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Use of a Tyrosine Analogue To Modulate the Two Activities of a Nonheme Iron Enzyme OvoA in Ovothiol Biosynthesis, Cysteine Oxidation versus Oxidative C–S Bond Formation

Chen, Li, Naowarojna, Nathchar, Song, Heng, Wang, Shu, Wang, Jiangyun, Deng, Zixin, Zhao, Changming, Liu, Pinghua
Journal of the American Chemical Society 2018 v.140 no.13 pp. 4604-4612
active sites, biosynthesis, catalytic activity, chemical bonding, cysteine, enzyme activity, histidine, iron, isotopes, oxidation, propionic acid, suppressor genes, thiols, tyrosine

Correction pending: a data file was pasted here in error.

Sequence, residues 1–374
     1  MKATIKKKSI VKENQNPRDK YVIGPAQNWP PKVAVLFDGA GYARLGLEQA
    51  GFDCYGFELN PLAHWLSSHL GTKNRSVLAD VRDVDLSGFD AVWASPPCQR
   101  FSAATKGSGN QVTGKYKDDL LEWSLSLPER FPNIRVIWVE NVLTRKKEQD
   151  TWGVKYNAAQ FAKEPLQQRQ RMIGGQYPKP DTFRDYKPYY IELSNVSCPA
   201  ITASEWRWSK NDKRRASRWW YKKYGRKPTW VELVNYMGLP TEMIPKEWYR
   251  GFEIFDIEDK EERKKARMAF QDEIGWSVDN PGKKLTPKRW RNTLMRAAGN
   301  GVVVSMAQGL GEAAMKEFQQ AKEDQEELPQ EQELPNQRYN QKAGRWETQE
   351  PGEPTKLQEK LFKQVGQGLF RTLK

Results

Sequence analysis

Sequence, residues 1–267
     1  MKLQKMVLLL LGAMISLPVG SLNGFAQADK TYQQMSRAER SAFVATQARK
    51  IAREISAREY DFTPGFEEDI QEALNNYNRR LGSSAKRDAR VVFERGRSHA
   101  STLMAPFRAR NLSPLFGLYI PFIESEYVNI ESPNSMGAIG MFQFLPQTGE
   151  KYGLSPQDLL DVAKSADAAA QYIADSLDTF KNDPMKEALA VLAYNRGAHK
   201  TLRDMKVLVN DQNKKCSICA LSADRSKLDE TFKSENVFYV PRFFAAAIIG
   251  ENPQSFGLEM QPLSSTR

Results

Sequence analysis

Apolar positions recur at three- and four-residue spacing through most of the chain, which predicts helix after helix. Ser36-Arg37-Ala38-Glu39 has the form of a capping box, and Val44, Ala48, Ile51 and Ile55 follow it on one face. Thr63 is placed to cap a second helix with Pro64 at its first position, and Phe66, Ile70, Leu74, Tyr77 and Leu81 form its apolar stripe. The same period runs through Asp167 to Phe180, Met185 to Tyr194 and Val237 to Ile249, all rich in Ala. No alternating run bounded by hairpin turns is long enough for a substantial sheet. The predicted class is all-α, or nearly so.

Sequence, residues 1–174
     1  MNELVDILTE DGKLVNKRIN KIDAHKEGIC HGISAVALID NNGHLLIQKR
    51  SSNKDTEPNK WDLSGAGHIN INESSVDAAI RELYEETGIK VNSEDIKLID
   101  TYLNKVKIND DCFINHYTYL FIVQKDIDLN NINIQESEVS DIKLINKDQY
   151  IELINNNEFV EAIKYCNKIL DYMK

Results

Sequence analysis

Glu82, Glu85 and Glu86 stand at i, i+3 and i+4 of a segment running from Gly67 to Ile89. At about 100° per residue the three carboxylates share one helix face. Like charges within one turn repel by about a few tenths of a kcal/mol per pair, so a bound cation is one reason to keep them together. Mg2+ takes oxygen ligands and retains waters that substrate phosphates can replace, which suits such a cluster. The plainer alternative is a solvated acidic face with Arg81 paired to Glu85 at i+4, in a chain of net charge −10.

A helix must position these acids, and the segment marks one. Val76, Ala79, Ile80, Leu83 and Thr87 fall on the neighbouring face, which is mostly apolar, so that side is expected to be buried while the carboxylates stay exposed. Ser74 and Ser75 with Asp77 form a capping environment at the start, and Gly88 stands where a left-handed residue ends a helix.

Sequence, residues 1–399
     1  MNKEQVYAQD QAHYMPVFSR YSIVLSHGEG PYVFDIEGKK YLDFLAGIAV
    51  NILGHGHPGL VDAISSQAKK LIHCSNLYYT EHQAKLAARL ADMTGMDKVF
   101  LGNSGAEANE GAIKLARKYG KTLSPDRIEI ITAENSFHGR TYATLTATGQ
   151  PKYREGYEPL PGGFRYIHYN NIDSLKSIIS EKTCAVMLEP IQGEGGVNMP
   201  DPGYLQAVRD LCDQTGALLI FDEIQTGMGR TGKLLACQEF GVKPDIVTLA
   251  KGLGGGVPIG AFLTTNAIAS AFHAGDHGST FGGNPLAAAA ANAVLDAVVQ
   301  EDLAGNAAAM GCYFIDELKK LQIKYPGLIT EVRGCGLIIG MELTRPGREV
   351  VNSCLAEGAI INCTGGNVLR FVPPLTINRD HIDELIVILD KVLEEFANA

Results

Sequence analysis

Ovothiol is a histidine thiol derivative. The biosynthesis of ovothiol involves an extremely efficient trans-sulfuration strategy. The nonheme iron enzyme OvoA catalyzed oxidative coupling between cysteine and histidine is one of the key steps. Besides catalyzing the oxidative coupling between cysteine and histidine, OvoA also catalyzes the oxidation of cysteine to cysteine sulfinic acid (cysteine dioxygenase activity). Thus far, very little mechanistic information is available for OvoA-catalysis. In this report, we measured the kinetic isotope effect (KIE) in OvoA-catalysis using the isotopically sensitive branching method. In addition, by replacing an active site tyrosine (Tyr417) with 2-amino-3-(4-hydroxy-3-(methylthio)phenyl)propanoic acid (MtTyr) through the amber suppressor mediated unnatural amino acid incorporation method, the two OvoA activities (oxidative coupling between cysteine and histidine, and cysteine dioxygenase activity) can be modulated. These results suggest that the two OvoA activities branch out from a common intermediate and that the active site tyrosine residue plays some key roles in controlling the partitioning between these two pathways.